Sakai Toshihiko made it plain that he was disappointed with Russell's criticism of New Russia, For various reasons it is unlikely that Osugi and Russell would ever have formed any real affinity, but perhaps to be regretted that two such kindred spirits, did not accord with each other. Both were radicals, outspoken and prickly characters; both had embraced and then become disillusioned with Bolshevism; both were lapsed Christians, having abandoned Christianity for Socialism. Both Russell and Osugi were pacifists and they shared ideas on sexuality and the nature of marriage; both were if not sexually promiscuous then certainly concupiscent. Both had been imprisoned at some time for their beliefs, Russell during the First World War as a conscientious objector, Osugi for three years between 1906 and 1911. Perhaps it was a clash of personality or an unwillingness to compromise; even an arrogance of sorts. They undoubtedly shared a self-centered individualism. But probably the greatest barrier between them was Osugi's fervent and essential distrust of intellectuals as leaders of the workers.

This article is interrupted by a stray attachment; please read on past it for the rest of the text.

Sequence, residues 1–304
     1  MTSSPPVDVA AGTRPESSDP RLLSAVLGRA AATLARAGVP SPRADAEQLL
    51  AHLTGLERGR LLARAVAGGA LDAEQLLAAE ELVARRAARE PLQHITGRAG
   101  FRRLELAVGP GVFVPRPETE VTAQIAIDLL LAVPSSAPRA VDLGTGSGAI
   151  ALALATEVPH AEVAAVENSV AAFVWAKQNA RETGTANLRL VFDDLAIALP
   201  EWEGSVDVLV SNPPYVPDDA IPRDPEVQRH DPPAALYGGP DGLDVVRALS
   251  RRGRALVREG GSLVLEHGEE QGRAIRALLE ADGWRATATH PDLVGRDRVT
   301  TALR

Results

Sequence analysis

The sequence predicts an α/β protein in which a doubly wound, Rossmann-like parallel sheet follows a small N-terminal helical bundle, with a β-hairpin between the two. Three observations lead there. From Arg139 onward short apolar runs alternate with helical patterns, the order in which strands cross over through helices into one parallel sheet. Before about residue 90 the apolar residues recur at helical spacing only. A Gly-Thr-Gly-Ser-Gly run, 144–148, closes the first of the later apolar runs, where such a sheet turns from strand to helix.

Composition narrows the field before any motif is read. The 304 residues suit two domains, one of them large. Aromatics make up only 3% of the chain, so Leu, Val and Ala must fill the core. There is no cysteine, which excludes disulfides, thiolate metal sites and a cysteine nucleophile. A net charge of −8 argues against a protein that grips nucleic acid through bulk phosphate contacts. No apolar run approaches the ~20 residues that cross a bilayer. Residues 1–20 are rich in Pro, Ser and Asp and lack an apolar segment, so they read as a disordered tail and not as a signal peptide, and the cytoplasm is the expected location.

The catalyst that might have bound them together, however, was Ito Noe. She seems to have made the greater impression on Russell than Osugi, as the former makes clear in his Autobiography:
We met only one Japanese whom we really liked, a Miss Ito. She was young and beautiful, and lived with a well-known anarchist, by whom she had a son. Dora said to her: 'Are you not afraid that the authorities will do something to you?' She drew her hand across her throat, and said: 'I know they will sooner or later.'*29
Ito's command of English would have been an asset in forming this impression, as she was fluent in the language; Osugi on the other hand, although a speaker of English and French, had a stutter which he inherited from his father.*30 She was independent-minded, individualistic, and iconoclastic, and 'deeply impressed by Emma Goldman's views on male-female relationships and her ideas on the importance of self-fulfillment.*31 Ito translated articles by Goldman for the Seito, a magazine published by the feminist group Seitosha [Bluestocking] which she was editor of.
*29 Autobiograpky, p. 134.
*30 Stanley, p. 168.
*31 Mikiso Hane, trans. and ed. Reflections on the Way to the Gallows(Univ. California Press, 1988) introduction, p. 22.